OT boiler control algorithm(s)?

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OT boiler control algorithm(s)?

Postby marcelr » Fri Aug 07, 2015 11:09 am

Hi all,

Recently, with the help of ierlandfan, I rooted my toon thermostat (domoticaforum.eu/viewtopic.php?f=17& ... amp;t=8743). Over the last few months, I've been ploughing through its software, and I more or less established the serial IO protocol used for the communication with the boiler adapter (ketelmodule in Enecospeak).
Proper communication with the module is still under development, but well on its way.

Inside the toon software the module is aptly called the OpenTherm gateway (wonder how on earth they came up with that term ;-) ).
From the things that I read on this forum and other parts of the internet, I gather that the boiler control is to be done by the thermostat, not by the boiler itself. The main reason for rooting my toon, besides sheer curiosity, was the need for a more advanced boiler control (time-dependent power requirements by switching part of the CH system off during the daytime), outside temperature dependency, that sort of stuff. Similarly, I want to control DHW warming power by using the water inflow temperature (from a solar boiler).

So, my question to you is: Does anyone have (even rudimentary) boiler control algorithms implemented, and, if so, is ready to share them? I'll be happy to roll my own, but if working algorithms exist already, I typically hate to reinvent the wheel.

FYI, the OT IDs available for toon are (found on the opentherm website, and checked to actually exist in the software):

Code: Select all
# from opentherm website; retrieved 20150620.
# http://www.opentherm.eu/product/view/6/toon

Toon

Energy Management Display which also acts as an OpenTherm thermostat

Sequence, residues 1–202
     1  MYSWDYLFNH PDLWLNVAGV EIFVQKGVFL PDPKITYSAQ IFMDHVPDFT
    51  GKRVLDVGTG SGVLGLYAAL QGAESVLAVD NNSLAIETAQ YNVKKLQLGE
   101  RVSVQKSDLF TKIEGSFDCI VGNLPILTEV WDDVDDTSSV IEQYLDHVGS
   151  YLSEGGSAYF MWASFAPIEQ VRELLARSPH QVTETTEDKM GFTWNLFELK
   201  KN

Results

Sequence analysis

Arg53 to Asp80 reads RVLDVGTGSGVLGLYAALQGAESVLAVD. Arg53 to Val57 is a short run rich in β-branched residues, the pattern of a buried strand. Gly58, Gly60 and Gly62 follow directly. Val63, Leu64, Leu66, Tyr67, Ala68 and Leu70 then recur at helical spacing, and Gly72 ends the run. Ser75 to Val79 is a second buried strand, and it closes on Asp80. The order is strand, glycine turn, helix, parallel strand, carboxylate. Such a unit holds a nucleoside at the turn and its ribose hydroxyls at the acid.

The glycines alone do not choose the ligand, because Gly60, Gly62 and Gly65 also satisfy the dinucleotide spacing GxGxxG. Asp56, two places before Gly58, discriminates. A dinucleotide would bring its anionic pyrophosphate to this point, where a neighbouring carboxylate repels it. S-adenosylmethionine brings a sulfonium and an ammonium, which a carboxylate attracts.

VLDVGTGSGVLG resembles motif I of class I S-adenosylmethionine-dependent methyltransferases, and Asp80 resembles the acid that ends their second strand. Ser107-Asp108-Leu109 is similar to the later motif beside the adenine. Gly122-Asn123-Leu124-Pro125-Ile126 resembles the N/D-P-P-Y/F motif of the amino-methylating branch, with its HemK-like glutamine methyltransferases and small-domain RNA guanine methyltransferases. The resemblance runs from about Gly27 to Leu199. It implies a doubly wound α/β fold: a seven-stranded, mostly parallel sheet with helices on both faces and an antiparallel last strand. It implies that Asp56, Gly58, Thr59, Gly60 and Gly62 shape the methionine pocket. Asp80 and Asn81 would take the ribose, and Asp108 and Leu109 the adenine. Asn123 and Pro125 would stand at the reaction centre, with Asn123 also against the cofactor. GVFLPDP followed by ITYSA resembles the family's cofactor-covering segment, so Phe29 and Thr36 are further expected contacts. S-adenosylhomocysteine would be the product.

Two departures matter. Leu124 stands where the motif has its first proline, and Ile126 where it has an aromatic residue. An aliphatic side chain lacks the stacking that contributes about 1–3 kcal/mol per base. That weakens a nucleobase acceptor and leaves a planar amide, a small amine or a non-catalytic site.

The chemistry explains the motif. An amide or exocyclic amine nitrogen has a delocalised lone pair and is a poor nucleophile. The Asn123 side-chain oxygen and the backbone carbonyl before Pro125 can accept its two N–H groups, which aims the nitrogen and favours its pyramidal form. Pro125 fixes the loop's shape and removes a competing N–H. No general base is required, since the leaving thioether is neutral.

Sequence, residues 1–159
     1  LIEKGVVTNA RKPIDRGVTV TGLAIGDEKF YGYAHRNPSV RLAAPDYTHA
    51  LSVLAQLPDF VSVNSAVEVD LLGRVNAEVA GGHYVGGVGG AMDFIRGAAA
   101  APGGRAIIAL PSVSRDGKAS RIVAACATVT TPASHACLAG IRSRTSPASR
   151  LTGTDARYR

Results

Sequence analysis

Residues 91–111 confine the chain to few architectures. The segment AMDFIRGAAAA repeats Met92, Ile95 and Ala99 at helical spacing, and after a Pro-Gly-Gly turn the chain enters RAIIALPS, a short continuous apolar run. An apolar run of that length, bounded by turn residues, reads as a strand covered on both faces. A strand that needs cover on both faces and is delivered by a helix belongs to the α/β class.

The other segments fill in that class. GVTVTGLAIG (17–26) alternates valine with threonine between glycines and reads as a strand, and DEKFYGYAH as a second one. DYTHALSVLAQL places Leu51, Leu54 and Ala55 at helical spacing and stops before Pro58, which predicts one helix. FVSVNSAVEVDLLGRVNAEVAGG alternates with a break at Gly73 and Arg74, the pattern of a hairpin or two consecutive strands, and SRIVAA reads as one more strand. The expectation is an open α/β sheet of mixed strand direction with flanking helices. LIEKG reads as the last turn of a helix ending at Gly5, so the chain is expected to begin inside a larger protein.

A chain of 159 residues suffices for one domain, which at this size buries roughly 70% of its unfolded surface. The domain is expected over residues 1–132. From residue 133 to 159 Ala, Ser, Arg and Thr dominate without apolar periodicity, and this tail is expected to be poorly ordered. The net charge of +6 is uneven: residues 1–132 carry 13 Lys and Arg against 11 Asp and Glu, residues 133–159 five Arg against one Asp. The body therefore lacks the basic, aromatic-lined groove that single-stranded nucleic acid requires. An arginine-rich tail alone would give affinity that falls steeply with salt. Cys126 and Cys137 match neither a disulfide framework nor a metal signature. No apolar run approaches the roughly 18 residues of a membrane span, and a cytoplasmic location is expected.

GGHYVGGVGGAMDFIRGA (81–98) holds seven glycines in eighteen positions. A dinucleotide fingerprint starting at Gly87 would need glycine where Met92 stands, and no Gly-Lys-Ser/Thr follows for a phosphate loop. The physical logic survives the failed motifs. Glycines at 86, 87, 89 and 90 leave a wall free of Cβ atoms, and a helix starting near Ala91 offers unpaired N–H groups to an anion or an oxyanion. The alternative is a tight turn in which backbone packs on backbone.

Interfaces (Functions, features and ID's)

Interface 1 (master)

Functions and Features

General: standard
Ch: otc control
Ch: roomtemp control
Dhw: setpoint adjustment
Dhw: eco/comfort

ID's

ID0:HB0: Master status: CH enable
ID0:HB1: Master status: DHW enable
ID0:HB3: Master status: OTC active
ID0:HB5: Master status: Summer/winter mode
ID0:HB6: Master status: DHW blocking
ID0:LB0: Slave Status: Fault indication
ID0:LB1: Slave Status: CH mode
ID0:LB2: Slave Status: DHW mode
ID0:LB3: Slave Status: Flame status
ID0:LB6: Slave Status: Diagnostic/service indication
ID1: Control Setpoint i.e. CH water temperature Setpoint (�C)
ID2:HB0: Master configuration: Smart power
ID2:LB: Master MemberID Code
ID3:HB0: Slave configuration: DHW present
ID3:HB1: Slave configuration: Control type
ID3:HB4: Slave configuration: Master low-off&pump control
ID5: HB0: Service request
ID5: HB1: Lockout-reset
ID5: HB2: Low water pressure
ID5: HB3: Gas/flame fault
ID5: HB4: Air pressure fault
ID5: HB5: Water over-temperature
ID5: LB: OEM fault code
ID6:HB0: Remote boiler parameter transfer-enable: DHW setpoint
ID6:HB1: Remote boiler parameter transfer-enable: max. CH setpoint
ID6:LB0: Remote boiler parameter read/write: DHW setpoint
ID14: Maximum relative modulation level setting (%)
ID15: Maximum boiler capacity (kW) / Minimum boiler modulation level(%)
ID16: Room Setpoint (�C)
ID17: Relative Modulation Level (%)
ID18: Water pressure in CH circuit (bar)
ID24: Room temperature (�C)
ID25: Boiler flow water temperature (�C)
ID26: DHW temperature (�C)
ID27: Outside temperature (�C)
ID28: Return water temperature (�C)
ID35: Boiler fan speed Setpoint and actual value
ID48: DHW Setpoint upper & lower bounds for adjustment (�C)
ID56: DHW Setpoint (�C) (Remote parameter 1)
ID57: Max CH water Setpoint (�C) (Remote parameters 2)
ID73: An OEM-specific diagnostic/service code for ventilation / heat-recovery system
ID113: Number of un-successful burner starts
ID114: Number of times flame signal was too low
ID115: OEM-specific diagnostic/service code
ID116: Number of succesful starts burner
ID117: Number of starts CH pump
ID118: Number of starts DHW pump/valve